In my post, "'Big Year' Birders Count More Than Four & Twenty Blackbirds," I talked about the famous birders of our day. I researched some of the greats like the "legendary human bird-dog" Sandy Komito, and learned of his bird-watching prowess and how many of his techniques became 'best practices' for birders the world over. However, in today's world, birders are beginning to look to technology to enhance their birding experience.

Camps are Split

Bird watching is perhaps one of mankind's oldest pastimes. After all, you don't need anything special to find them except for a good pair of binocular and a notepad, right? Well, there's a growing number who might disagree.

The booming world of competitive birding - once viewed as a respite from the chatter of the maddening crowds is debating how much a true-birder should embrace technology. Long proud of its honor system based on eyeball sightings and pen-and-paper checklists, even cameras have been considered verboten in some camps. Others feel smartphones and digital cameras are not an encroachment at all - but rather the necessary tools for the modernists.

These are the next-gen birders who feel it's important to push the envelope on 'old school' bird-watching and who are looking to track digitally previously unobtainable data about certain rare birds and their changing habitats and migrations.

New Birders of a Feather Flock Together

The next-gen are tech-savvy souls who are utilizing high-definition radar, social media alerts and smartphone apps to provide them with more in-depth and current information about birds in the wild.

This week's activity has been especially triggered with heightened activity by birders from Maine to California, as millions of migratory birds return from their winter respites in South America to their summer feeding grounds in the United State and Canada.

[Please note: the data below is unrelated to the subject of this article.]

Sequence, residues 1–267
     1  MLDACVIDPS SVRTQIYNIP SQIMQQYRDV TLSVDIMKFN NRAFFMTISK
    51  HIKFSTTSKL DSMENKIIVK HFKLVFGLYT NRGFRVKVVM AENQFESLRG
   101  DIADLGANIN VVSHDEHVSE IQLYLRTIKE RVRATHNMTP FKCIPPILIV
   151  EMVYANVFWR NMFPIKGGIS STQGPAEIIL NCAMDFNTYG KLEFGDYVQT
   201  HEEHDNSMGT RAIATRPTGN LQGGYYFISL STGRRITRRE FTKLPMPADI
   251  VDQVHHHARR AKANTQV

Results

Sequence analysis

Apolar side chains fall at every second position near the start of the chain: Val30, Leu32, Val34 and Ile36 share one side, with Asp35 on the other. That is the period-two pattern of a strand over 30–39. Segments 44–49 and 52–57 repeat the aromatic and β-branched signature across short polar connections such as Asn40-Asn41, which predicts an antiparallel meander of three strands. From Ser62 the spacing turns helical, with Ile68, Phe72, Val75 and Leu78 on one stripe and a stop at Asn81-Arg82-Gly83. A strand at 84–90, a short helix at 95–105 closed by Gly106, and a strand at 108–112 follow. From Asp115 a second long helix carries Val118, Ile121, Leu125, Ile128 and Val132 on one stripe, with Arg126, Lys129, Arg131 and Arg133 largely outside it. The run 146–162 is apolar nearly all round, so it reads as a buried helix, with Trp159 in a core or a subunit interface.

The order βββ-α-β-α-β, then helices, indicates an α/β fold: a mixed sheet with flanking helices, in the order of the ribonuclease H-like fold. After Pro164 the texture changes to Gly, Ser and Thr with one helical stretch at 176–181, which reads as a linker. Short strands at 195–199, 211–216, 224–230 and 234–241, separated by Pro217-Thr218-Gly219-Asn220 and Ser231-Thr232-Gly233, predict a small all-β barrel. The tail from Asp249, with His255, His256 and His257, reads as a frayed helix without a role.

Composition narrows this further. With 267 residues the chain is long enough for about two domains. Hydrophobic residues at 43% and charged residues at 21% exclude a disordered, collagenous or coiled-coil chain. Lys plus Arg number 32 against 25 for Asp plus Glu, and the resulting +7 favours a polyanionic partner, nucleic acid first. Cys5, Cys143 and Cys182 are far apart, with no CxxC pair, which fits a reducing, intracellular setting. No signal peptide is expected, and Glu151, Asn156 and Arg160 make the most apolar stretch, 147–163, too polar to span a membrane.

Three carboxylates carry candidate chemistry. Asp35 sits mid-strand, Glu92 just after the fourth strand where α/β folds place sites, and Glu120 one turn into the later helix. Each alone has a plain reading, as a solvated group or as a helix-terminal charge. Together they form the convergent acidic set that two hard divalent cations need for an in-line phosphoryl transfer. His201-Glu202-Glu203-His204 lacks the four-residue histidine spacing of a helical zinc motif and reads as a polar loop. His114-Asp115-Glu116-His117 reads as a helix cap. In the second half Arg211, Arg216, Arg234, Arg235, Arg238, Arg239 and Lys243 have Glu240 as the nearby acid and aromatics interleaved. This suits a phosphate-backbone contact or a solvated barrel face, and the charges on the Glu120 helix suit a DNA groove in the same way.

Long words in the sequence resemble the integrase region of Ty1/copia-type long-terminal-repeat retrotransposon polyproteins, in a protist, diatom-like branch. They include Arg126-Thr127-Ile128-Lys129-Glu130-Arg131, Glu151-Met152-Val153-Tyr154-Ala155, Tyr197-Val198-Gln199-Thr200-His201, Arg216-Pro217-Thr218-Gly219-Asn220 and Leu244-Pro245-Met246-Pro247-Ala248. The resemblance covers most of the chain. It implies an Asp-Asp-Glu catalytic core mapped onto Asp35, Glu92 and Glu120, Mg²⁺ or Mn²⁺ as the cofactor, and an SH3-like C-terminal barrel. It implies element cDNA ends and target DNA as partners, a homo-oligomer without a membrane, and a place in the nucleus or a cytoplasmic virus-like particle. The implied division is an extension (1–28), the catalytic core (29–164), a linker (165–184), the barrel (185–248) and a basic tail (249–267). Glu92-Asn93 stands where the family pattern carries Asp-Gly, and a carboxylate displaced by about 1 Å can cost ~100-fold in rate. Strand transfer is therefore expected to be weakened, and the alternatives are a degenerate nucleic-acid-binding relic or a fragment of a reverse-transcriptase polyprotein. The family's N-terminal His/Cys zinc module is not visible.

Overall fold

Folks on Pinterest are posting and pinning up a storm after capturing images of their rarest finds. And since this week is known in the birding world as the “biggest week for American birding,” activities during this time period even have their own twitter hashtag: #biggestweek. This has prompted birding groups like @TropicalBirdingTours to tweet about just how ecstatic some birders can get when they spot "warblers" in Magee, Ohio.


eBird offers innovative online tools for birders to keep track of their own lists while contributing their bird sightings for use in science and conservation.

Birders, scientists, and conservationists can collect, manage, and store their observations in eBird’s globally accessible database—or use graphing, mapping, and analysis tools to better understand the migratory patterns of bird occurrences and the environmental and human factors that influence birds in their habitats. This real-time data resource produces millions of observations per year across the hemisphere. As a reputable resource, eBird is a joint project of the Cornell Lab of Ornithology and National Audubon Society.

Final Citings. . .

Whether you are a die-hard purest, or a member of the new breed -- today, the love of birds appears to be appreciated in a number of ways. So, if technology is your preferred way to get up front, close and personal - then have it. And if the honor list allows you to hold on to the traditions of the past you cherish, then by all means, continue down that path.

But don't be too shocked, if in the not-so-distant future you learn about a pair of binoculars which come fitted with augmented reality offering read-out overlays that identify birds by name. Oh, wait a minute, if you've got $1500 to burn, that technology might already come part-and-parcel with Google Glass (and if not this current iteration, I'm sure it's on the drawing board for one of the next!)